“Consequently, while Twinza remains committed to progressing the Pasca A project on a fair and equitable basis, the company will streamline its costs while awaiting a gas agreement signing on acceptable terms.
“We remain focused on developing PNG’s first offshore oil and gas field and opening up the Gulf of Papua to much-needed investment as soon as circumstances allow.”
PNG Business News - May 07, 2021
Pasca A Project now Expected to Start in 2025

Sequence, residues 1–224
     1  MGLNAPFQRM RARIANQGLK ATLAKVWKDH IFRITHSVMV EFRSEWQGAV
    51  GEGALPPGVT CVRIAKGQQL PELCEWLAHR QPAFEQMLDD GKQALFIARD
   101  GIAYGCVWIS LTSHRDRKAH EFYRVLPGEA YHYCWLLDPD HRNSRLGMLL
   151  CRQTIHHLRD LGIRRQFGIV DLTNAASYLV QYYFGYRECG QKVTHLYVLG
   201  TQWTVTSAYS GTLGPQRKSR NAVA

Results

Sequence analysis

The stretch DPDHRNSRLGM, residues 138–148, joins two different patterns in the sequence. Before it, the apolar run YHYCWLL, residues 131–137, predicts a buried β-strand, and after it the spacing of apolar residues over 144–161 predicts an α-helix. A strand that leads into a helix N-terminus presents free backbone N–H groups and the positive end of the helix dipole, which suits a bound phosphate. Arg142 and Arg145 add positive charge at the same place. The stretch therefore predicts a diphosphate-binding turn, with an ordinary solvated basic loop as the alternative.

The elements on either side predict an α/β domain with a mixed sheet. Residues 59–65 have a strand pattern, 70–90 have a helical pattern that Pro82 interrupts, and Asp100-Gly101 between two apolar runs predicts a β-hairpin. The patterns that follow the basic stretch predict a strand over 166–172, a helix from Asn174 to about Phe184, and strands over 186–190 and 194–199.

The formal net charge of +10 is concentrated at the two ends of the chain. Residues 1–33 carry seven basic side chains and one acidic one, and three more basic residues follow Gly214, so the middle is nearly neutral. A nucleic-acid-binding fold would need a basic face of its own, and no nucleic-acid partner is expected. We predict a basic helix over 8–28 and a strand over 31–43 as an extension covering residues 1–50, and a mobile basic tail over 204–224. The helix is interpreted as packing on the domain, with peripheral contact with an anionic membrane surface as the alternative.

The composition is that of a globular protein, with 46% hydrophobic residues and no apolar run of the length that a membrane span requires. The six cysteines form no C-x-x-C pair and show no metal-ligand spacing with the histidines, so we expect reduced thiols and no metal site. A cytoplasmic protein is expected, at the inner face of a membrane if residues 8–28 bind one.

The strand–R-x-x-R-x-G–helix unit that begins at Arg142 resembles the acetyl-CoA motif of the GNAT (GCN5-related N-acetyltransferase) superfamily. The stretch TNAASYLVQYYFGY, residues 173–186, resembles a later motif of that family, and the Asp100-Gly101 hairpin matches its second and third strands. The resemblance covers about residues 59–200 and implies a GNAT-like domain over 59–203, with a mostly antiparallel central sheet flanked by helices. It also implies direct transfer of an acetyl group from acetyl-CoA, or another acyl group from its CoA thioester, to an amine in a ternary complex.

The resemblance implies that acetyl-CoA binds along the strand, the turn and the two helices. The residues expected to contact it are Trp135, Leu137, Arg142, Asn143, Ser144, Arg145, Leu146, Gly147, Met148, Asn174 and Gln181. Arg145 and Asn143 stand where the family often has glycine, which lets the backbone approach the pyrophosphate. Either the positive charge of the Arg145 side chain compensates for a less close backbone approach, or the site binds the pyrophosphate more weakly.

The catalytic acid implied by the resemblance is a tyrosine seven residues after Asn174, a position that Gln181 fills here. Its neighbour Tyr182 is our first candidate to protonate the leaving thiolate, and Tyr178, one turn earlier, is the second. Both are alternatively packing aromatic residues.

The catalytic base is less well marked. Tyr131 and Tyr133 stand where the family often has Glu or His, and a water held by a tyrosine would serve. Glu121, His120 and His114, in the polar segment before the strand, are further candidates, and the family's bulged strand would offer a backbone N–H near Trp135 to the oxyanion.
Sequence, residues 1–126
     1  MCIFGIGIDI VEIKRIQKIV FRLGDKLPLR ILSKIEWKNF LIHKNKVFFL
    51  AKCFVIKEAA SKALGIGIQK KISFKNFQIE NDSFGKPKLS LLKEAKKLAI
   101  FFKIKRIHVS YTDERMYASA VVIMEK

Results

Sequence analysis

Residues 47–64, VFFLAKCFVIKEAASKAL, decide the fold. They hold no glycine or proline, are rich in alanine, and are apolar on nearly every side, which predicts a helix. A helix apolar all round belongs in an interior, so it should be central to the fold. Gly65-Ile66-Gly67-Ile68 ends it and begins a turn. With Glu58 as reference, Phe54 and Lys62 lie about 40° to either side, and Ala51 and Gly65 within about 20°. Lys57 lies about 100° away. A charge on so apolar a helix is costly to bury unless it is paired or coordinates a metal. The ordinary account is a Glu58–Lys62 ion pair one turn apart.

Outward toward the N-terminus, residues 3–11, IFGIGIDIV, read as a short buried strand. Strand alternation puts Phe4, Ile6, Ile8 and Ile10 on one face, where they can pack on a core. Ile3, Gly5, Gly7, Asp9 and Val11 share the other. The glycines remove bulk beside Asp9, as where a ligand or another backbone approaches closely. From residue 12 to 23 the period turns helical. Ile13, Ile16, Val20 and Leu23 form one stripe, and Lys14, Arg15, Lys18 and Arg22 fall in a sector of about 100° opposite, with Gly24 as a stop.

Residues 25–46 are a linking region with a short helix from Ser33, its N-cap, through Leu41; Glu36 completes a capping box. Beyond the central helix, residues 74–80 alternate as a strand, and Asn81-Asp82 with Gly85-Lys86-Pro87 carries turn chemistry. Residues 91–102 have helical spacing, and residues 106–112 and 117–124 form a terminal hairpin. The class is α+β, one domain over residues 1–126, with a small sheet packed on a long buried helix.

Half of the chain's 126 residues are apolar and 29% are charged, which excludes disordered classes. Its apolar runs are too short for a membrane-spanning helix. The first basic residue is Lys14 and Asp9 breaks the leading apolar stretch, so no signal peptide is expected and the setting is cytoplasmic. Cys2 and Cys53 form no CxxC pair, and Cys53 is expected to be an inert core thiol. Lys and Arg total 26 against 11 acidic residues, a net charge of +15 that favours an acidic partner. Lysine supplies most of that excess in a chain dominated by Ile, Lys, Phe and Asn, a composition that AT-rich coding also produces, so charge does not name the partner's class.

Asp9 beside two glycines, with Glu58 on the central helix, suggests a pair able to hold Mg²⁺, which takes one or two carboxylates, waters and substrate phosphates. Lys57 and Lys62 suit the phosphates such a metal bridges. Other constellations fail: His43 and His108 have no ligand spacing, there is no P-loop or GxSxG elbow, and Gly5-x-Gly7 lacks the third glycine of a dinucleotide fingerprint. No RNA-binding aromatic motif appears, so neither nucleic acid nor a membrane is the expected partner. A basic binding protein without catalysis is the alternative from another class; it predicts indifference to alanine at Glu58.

The Pasca A offshore oil and gas project in Gulf faces further delay to its start-up which is now expected in 2025, says developer Twinza Oil Ltd. The project will continue to be postponed until a deal is signed, according to Roppe Uyassi, who added that the project's delay would likely be compounded by the project team's departure. “This is really unfortunate for PNG, following the lengthy delays we have already seen from resource projects in PNG such as Papua LNG and Wafi-Golpu,” Uyassi said. Only prior to signing the deal last month, the government made it clear that it wanted a 6% export tax before it could sign it. According to the developer, it was 4% more than what had been settled upon previously. While the window for negotiations was still open, Petroleum Minister Kerenga Kua said it was critical to secure the best offer for the region. Oil and gas discovery and production, according to Uyassi, is a "highly dangerous but potentially lucrative market." “There needs to be a balance that recognises the risk taken by private investors and the development goals and aspirations of PNG, and the best deal would be one that maximises revenues to PNG,” he said. “This could be in the form of payments to local businesses and employees, or taxes and royalties to the Government to fund the country’s development priorities in health, education, security, infrastructure etc. “Importantly, it must also provide an incentive for private investors from all over the world to provide their money to develop the Pasca A Project on the promise of profits that will reward them for taking the risk to invest in Papua New Guinea. “We firmly believe that the deal agreed to between the State and Twinza strikes the right balance and provides a win-win outcome for both parties, delivering the highest State take of any resource development in PNG, be it on a discounted or nominal project value going to the State. “We understand that the outcomes of over 65 per cent discounted and 52 per cent nominal State take were even verified and benchmarked independently by Deloitte after being consulted by the State. “The agreed terms also included domestic market obligation (DMO) for the supply of gas being provided from the first year of production for the first time in PNG’s history, plus an increased percentage of domestic market gas supply to 10 per cent of production.” According to Uyassi, the Pasca Project would need at least K5 billion in additional funding in the coming years. “Even the State nominee carrying the State’s 22.5 per cent equity on the project going forward would require project financing to move this project forward into production, meaning that whatever terms we agree with the State must also be viable for the State nominee to raise financing. “The worst-case scenario would see Twinza sign an unviable gas agreement deal, only for the project to fail as it can’t attract investment from financiers who are more conservative than oil and gas project proponents such as Twinza.” Twinza had already started standing down the Pasca Project team due to the continuing delays in signing the deal, according to Uyassi, as the timetable of the gas agreement's implementation remained unclear. “This will continue, however, I will point out that as a foreign investor, Twinza has invested more than K350 million in the Pasca field over the past 11 years and will remain committed to PNG long-term,” he said. “The Pasca Project is ready to move into the Feed phase of project development soon after a successful gas agreement signing.” According to Uyassi, the project has been on hold since 2020, pending the start of the Feed process. “We remain hopeful that the development of PNG’s first offshore oil and gas field will commence soon,” he said. “We are committed to Papua New Guinea and remain hopeful this is something PNG will have to address for the long-term good of the industry and the many local businesses that depend on the industry.”